One more thing, the $6000 you can see it as 0 because whenever you need to keep it. However, you can use these funds for sure, but the only drawback is you will be charged at 29.95 at that month unless you pay back on the same day.

As I said, we need to design and make sure cash cycle can match due dates. More importantly, I have a LOC for unexpected bills.

The normal situation is that most bills give you a payment period like a short credit, right? For example, utilities bills give you a payment due dates and I believe you have enough time to prepare your funds: for most people, income amount is predictable, and if you find you income cannot cover the due amount at deadlines, you can figure it out before deadlines. I have a LOC and I believe I can use it one day if my cash is expected to run out.

If you receive a bill and you estimate that all your income cannot cover the bill. That means you are living on credit and it is dangerous. If not, just align your cash cycle to your due dates. That should work good.
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Dec 5, 2006
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FrankToronto wrote: It is Yes and No.

I gave the example more like a static situation, but actual life is dynamic: you will pay bills on different dates during a month. Plus, if you have different income sources, they also come in at different days. Right?

So your balance is not needed to be very high.

One more thing, the $6000 you can see it as 0 because whenever you need to keep it. However, you can use these funds for sure, but the only drawback is you will be charged at 29.95 at that month unless you pay back on the same day.

As I said, we need to design and make sure cash cycle can match due dates. More importantly, I have a LOC for unexpected bills.

The normal situation is that most bills give you a payment period like a short credit, right? For example, utilities bills give you a payment due dates and I believe you have enough time to prepare your funds: for most people, income amount is predictable, and if you find you income cannot cover the due amount at deadlines, you can figure it out before deadlines. I have a LOC and I believe I can use it one day if my cash is expected to run out.

If you receive a bill and you estimate that all your income cannot cover the bill. That means you are living on credit and it is dangerous. If not, just align your cash cycle to your due dates. That should work good.
I thought auto pay is leave it and forget it scenario. But it seems you still need check statements and move around the money?
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smartie wrote: I thought auto pay is leave it and forget it scenario. But it seems you still need check statements and move around the money?
No I don't need to, because when I have a direct deposit coming in, it always follows an Interact notification email. Then I will transfer it right away if I am not busy. Never missed and I never checked my e-statements because banking App is able to trace your all income and expense, chequing, saving, investing, credit accounts at one portal. You can just pick anytime a week to have a one-minute scan on all accounts. That's it. No statement no matter electronic or paper. Mobile apps can solve everything. They are more prompt and more informative. (Apps are able to show pending transactions which can help detect any fraud transactions earlier; Plus, it can tell you more information on each transaction: merchant category, place, etc.) So I only need to care about statements when I need to submit for verification. Due balance and due date can be easily found or seen on banking Apps.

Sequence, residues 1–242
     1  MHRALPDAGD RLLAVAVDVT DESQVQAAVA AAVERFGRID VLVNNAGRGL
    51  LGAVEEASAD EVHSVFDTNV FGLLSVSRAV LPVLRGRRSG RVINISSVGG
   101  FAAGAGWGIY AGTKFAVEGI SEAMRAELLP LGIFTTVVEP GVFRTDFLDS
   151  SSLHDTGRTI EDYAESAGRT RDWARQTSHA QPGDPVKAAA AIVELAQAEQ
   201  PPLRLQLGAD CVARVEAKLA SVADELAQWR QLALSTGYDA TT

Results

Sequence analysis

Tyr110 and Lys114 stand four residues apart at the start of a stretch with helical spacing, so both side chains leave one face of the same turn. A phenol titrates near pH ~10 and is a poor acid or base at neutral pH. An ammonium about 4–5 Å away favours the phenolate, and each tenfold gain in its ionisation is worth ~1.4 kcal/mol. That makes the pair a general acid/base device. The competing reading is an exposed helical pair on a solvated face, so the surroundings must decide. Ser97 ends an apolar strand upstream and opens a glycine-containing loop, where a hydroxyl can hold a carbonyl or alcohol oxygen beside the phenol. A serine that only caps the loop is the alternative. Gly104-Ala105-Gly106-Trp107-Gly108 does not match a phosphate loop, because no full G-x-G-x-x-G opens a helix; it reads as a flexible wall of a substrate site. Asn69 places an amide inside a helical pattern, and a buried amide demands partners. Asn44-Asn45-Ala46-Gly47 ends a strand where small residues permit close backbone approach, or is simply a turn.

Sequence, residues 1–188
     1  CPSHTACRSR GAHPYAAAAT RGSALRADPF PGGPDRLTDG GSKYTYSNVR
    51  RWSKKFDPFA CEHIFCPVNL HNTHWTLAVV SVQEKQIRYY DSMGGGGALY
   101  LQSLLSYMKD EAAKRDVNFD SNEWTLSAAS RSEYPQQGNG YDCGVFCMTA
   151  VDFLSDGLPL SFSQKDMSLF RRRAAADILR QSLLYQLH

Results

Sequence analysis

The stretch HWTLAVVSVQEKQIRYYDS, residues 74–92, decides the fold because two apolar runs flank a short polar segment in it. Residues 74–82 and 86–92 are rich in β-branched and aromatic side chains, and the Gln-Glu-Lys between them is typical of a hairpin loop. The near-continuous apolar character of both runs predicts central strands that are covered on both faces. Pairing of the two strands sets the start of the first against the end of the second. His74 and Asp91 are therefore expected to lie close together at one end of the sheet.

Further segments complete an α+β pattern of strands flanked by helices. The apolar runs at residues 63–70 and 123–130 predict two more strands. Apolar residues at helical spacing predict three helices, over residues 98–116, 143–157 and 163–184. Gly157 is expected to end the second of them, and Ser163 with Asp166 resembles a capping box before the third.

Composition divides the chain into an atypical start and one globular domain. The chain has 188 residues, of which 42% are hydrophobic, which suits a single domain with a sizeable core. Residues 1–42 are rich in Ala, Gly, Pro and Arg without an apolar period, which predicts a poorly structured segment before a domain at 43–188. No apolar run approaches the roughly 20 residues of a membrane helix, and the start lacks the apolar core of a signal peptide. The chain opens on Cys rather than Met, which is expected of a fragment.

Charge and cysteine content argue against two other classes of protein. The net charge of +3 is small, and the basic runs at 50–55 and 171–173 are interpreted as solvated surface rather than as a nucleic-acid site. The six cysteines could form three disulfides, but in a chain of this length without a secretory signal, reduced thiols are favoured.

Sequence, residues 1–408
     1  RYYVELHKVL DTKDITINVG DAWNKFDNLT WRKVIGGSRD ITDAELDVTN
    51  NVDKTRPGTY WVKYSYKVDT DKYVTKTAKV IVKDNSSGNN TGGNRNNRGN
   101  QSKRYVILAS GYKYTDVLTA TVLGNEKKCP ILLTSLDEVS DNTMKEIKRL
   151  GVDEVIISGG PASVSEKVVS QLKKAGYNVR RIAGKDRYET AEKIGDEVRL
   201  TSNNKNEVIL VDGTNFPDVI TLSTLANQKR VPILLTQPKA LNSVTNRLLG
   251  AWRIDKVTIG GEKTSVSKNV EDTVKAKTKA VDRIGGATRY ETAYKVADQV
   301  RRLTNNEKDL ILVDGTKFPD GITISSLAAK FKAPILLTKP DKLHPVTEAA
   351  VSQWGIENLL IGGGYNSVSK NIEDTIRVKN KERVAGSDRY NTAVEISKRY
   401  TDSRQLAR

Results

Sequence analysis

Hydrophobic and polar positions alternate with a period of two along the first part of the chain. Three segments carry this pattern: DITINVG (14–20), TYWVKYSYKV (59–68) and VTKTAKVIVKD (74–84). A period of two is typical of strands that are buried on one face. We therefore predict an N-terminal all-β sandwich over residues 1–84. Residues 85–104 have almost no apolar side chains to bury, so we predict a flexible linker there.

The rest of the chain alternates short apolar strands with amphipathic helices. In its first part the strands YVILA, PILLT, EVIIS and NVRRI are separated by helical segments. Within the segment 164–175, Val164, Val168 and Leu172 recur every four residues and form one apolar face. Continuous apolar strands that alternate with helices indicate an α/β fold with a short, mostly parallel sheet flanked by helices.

I make auto-pay for every bill ( CC bill, Mobile Phone, and anything I can except utilities) I pay utilities via CT Triangle WE MC for earning some CT money.

The exceptions on auto-pay for me:
1, Brim Financial MC is a great card, no Forex and 2% on Amazon non-cash purchases and 1% for cash back anytime over $1. The only issue is they can't link with any chequing account for auto-pay. But I can easily pay in Brim App or Pay it on other banking apps. It is just a finger-click game and done.

2, Utilities and Property Taxes usually don't accept any CC and normal CC will be charged extra fees or automatically deemed as cash advance, which is very annoying. Only Triangle WE can get through this and earn some rewards back. So for these kind of bills I don't setup auto-pay from my chequing, though I know it would be more convenient.

Only two exceptions on auto-pay in my life as above
Last edited by FrankToronto on Jun 17th, 2021 7:43 pm, edited 1 time in total.
Deal Guru
Dec 5, 2006
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FrankToronto wrote: No I don't need to, because when I have a direct deposit coming in, it always follows an Interact notification email. Then I will transfer it right away if I am not busy. Never missed and I never checked my e-statements because banking App is able to trace your all income and expense, chequing, saving, investing, credit accounts at one portal. You can just pick anytime a week to have a one-minute scan on all accounts. That's it. No statement no matter electronic or paper. Mobile apps can solve everything. They are more prompt and more informative. (Apps are able to show pending transactions which can help detect any fraud transactions earlier; Plus, it can tell you more information on each transaction: merchant category, place, etc.) So I only need to care about statements when I need to submit for verification. Due balance and due date can be easily found or seen on banking Apps.

I make auto-pay for every bill ( CC bill, Mobile Phone, and anything I can except utilities) I pay utilities via CT Triangle WE MC for earning some CT money.
I suspect we are not talking same thing

Here is an example: your autopay will happen on next Monday and credit card statements balance is 4000. How do you know your chequing account has at least 4000?